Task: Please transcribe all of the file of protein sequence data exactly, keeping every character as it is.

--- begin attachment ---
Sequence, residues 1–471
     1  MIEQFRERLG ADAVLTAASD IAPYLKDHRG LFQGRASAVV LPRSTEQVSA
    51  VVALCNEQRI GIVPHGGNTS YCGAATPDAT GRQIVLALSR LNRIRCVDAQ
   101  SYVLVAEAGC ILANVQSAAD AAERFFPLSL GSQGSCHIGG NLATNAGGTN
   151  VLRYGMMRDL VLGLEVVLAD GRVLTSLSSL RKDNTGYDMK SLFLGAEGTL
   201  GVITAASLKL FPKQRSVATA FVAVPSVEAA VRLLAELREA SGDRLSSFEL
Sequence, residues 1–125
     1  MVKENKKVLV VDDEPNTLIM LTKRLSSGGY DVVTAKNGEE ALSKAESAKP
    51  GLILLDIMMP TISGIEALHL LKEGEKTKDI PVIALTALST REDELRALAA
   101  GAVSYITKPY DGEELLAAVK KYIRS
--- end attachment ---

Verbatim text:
Sequence, residues 1–471
     1  MIEQFRERLG ADAVLTAASD IAPYLKDHRG LFQGRASAVV LPRSTEQVSA
    51  VVALCNEQRI GIVPHGGNTS YCGAATPDAT GRQIVLALSR LNRIRCVDAQ
   101  SYVLVAEAGC ILANVQSAAD AAERFFPLSL GSQGSCHIGG NLATNAGGTN
   151  VLRYGMMRDL VLGLEVVLAD GRVLTSLSSL RKDNTGYDMK SLFLGAEGTL
   201  GVITAASLKL FPKQRSVATA FVAVPSVEAA VRLLAELREA SGDRLSSFEL
Sequence, residues 1–125
     1  MVKENKKVLV VDDEPNTLIM LTKRLSSGGY DVVTAKNGEE ALSKAESAKP
    51  GLILLDIMMP TISGIEALHL LKEGEKTKDI PVIALTALST REDELRALAA
   101  GAVSYITKPY DGEELLAAVK KYIRS